Farmers infuriated by decision to impose 15pc payment cut

Saturday, December 14, 2013
4:27 PM

Four Norfolk farmers met Defra’s minister George Eustice to highlight concerns about proposals to plough support payments into rural development programmes.

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The group from south-west Norfolk including former chairman Bob Young, of Hockwold, told the farming minister Mr Eustice that shifting 15pc of payments – as proposed by Defra - would make the industry less competitive.

Mr Young said that the environment Select Committee had recommended that payments should be moved in phases from 9pc. “Figures from the NFU and from the Efra committee suggest that 9pc may well be sufficient to fund the existing commitments. Another issue is competitiveness – every extra percentage cut in Pillar 1 money going to farms makes us less competitive when compared to our European counterparts,” he added.

The Westminster meeting was organised by South-west Norfolk MP Elizabeth Truss, who added: “I am extremely concerned about land being taken out of food production and I want to make sure our farmers are not disadvantaged compared to other European countries.”

Mr Eustice, said: “I spent ten years working in the farming industry and I want to do my part to help deliver a vibrant and profitable industry in the future.”

However, the NFU has been infuriated by Defra’s decision to impose a maximum 15pc modulation on support payments, as reported by the EDP. Environment secretary Owen Paterson has made the recommendation to a key cabinet committee – just a fortnight after a four-week consultation ended on November 28.

Peter Kendall, president of the National Farmers’ Union, said that Defra had pledged that the maximum transfer would only be made if it delivered “worthwhile and valuable outcomes.”

The scale of modulation, which will be applied from the single payment scheme 2014 onwards, must sent to the European Commission by December 31.

“Farmers remain at a complete loss to understand what government intends to use this money on, or how it can be used effectively for the benefit of their businesses.”

In Scotland, payments will be modulated at 9.5pc while Germany has opted for 4.5pc, he added.

“It is profoundly disappointing and infuriating that this government appears committed to increasing the modulation rate with no idea of how the money will be spent. Ministers have totally failed to deliver on their pledge to farmers that such a decision would deliver worthwhile and valuable outcomes,” he said.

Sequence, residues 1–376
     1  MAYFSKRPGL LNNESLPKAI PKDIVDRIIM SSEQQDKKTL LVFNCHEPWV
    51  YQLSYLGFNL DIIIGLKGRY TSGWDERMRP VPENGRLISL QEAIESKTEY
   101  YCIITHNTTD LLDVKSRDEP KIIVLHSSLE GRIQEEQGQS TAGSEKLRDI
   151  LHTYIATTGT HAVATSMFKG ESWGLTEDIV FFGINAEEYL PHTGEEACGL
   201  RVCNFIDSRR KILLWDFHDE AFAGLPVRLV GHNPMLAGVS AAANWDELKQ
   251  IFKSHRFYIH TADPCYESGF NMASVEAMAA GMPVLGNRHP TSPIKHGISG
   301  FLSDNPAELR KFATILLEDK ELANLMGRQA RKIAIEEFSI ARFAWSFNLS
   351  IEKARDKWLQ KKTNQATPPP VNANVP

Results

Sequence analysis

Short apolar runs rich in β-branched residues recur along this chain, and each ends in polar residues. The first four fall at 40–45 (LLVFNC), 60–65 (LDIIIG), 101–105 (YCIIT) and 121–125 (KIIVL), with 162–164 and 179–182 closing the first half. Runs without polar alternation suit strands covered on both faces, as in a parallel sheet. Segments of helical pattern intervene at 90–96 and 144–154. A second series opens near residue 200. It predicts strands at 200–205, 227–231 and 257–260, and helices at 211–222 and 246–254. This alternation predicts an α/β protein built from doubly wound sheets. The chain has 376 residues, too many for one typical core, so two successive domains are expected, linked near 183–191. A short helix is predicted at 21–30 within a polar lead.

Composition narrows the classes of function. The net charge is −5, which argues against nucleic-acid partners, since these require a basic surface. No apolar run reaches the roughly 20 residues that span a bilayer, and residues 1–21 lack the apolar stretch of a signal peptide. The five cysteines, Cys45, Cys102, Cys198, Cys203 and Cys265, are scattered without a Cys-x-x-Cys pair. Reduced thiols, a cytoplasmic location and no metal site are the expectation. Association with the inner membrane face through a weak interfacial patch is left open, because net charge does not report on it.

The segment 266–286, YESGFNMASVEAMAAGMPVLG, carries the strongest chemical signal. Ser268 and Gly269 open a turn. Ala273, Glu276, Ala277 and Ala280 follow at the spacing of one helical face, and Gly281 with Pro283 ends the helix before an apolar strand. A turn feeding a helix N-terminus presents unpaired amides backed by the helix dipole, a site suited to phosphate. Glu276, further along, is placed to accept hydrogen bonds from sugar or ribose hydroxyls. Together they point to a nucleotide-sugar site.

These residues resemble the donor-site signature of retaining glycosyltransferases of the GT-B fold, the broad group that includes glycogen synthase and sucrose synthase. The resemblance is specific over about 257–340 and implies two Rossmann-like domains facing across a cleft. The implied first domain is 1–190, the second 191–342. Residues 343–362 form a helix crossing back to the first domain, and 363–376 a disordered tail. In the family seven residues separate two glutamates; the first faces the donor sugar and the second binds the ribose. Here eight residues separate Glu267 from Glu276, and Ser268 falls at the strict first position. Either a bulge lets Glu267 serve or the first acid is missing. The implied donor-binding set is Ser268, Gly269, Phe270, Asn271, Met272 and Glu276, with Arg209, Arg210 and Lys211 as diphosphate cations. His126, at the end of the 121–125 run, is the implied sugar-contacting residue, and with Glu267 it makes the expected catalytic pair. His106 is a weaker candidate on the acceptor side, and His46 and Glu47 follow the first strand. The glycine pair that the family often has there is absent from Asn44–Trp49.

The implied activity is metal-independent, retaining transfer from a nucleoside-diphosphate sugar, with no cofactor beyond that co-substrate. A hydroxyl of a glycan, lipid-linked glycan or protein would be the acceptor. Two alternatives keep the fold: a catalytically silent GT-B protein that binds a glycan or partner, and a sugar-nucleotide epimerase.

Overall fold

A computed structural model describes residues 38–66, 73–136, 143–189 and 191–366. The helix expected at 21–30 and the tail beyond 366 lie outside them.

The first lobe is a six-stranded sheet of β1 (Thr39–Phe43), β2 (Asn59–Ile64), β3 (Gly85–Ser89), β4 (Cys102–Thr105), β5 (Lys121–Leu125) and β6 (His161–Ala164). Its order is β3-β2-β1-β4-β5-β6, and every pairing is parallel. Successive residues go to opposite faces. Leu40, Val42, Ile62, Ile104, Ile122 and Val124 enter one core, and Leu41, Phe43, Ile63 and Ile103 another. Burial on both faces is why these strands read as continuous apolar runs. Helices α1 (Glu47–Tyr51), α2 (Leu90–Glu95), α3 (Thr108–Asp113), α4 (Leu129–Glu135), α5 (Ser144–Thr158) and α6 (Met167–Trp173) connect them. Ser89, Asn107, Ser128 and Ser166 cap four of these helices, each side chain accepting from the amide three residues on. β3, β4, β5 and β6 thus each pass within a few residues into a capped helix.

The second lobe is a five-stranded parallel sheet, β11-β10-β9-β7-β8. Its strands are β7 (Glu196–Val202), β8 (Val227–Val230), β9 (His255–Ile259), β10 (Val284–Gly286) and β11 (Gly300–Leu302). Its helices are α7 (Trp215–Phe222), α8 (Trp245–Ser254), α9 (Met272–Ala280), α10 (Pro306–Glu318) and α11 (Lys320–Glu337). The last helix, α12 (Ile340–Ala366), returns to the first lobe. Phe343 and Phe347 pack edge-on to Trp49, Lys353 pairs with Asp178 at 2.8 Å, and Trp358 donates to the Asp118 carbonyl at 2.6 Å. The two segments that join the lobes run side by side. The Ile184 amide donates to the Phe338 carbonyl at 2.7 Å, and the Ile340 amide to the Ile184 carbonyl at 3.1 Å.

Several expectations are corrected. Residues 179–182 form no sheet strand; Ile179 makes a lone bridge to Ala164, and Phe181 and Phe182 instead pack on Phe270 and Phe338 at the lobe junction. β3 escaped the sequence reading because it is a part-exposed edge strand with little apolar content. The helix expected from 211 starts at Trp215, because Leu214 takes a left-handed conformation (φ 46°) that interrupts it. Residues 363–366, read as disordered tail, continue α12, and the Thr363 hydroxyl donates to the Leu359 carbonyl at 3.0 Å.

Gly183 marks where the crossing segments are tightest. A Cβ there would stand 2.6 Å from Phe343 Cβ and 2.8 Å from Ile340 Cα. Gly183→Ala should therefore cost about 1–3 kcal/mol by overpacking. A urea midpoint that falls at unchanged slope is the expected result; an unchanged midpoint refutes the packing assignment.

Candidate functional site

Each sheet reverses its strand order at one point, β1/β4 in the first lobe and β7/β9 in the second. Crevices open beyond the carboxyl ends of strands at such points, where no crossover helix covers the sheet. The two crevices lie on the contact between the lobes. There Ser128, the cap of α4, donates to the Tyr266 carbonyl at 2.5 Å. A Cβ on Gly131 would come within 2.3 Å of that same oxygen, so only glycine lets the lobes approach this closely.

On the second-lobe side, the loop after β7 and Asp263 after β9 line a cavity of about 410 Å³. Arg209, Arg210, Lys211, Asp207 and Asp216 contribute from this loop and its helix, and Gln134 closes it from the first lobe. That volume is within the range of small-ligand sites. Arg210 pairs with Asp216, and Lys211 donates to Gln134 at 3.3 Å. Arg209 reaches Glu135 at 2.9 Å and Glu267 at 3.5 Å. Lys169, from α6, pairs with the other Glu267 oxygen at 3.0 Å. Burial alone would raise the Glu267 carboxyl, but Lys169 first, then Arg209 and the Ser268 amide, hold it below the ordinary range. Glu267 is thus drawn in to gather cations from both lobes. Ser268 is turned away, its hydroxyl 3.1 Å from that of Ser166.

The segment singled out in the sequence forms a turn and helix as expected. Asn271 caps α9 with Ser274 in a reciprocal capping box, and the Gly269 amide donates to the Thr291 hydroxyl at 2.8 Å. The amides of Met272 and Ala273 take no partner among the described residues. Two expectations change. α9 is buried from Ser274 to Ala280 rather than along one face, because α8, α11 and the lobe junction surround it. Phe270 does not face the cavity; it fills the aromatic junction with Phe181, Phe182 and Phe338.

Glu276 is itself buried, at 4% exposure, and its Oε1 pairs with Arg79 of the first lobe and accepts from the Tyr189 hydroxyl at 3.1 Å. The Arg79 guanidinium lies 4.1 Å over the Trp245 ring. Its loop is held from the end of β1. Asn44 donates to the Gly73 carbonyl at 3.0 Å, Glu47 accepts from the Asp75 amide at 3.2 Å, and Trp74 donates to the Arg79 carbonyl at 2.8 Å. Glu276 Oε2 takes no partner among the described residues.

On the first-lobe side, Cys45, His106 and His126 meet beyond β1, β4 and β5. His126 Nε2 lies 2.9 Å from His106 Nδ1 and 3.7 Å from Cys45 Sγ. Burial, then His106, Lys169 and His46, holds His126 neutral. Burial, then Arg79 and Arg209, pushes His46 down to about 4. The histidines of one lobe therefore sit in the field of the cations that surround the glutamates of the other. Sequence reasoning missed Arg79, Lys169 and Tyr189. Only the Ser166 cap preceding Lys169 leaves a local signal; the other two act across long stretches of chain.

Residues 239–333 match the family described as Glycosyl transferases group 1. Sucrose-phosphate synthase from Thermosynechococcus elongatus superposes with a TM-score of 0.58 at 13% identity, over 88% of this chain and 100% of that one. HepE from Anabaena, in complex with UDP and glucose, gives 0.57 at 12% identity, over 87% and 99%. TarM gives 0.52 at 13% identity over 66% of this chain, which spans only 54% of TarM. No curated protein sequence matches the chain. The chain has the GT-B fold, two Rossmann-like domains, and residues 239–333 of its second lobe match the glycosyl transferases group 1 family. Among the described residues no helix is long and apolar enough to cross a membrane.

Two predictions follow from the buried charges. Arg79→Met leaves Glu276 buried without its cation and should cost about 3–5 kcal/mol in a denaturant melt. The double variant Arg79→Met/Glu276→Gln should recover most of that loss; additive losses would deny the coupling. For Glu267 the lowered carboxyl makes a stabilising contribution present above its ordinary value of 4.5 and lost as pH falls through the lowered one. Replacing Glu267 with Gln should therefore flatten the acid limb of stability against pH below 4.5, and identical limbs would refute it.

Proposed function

6 comments

  • Farmers complaining, there's a first.

    Report this comment

    norman hall

    Sunday, December 15, 2013

  • Subsidies that distort world trade to favour Eu farmers and large agri concerns such as the Coop, should be phased out, how fast this happens is down to member countries.

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    ingo wagenknecht

    Saturday, December 14, 2013

  • Daisy, I'm afraid I'm with the RSPB on this one. Any public money received by farmers should be used to deliver public goods such as wildlife, landscape, clean water etc. 15% modulation isn't enough in my view. I'm afraid the farming industry has proven that they have no interest in delivering the public goods people want. There are a few shining examples but these are not your typical rank and file NFU members. I know that the RSPB receive the same subsidies farmers receive (they are also farmers incidentally) but at least I can visit their reserves and enjoy wildlife etc. when was the last time a farmer invited the public onto their land in grateful thanks for the public subsidy they receive?

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    Betty Swallocks

    Saturday, December 14, 2013

  • Mrs Evoque surely!

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    Betty Swallocks

    Sunday, December 15, 2013

  • Mr Land Rover and Mrs Discovery will be disappointed.

    Report this comment

    Alan Black Fan

    Sunday, December 15, 2013

  • Area payments help to ensure continuity and balance of food supplies in Europe and avoid boom bust supplies and markets. British farmers do much less well out of them than in some other member states. Who cares about world markets when what we need is a strong British farming industry to feed us and to export. What is deeply troubling is that payments meant to help farmers will be diverted to idiots like the RSPB who will hold out their begging bowl made of false statistics and use their membership lobby to aid their cause-their managers will be rubbing their hands together . No doubt there will also be wind farm style companies set up to make a few bob out of " environmental" matters Defra is in the pocket of politically motivated environmentalists-unfortunately some of them seem strong on theory and weak in the head.

    Report this comment

    Daisy Roots

    Saturday, December 14, 2013

The views expressed in the above comments do not necessarily reflect the views of this site

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